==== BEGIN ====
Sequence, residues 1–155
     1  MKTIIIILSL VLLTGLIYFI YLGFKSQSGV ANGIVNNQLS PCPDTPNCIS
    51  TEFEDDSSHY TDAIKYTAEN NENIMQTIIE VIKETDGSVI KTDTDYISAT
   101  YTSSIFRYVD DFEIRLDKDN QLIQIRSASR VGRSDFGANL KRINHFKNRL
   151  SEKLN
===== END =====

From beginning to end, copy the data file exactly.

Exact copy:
Sequence, residues 1–155
     1  MKTIIIILSL VLLTGLIYFI YLGFKSQSGV ANGIVNNQLS PCPDTPNCIS
    51  TEFEDDSSHY TDAIKYTAEN NENIMQTIIE VIKETDGSVI KTDTDYISAT
   101  YTSSIFRYVD DFEIRLDKDN QLIQIRSASR VGRSDFGANL KRINHFKNRL
   151  SEKLN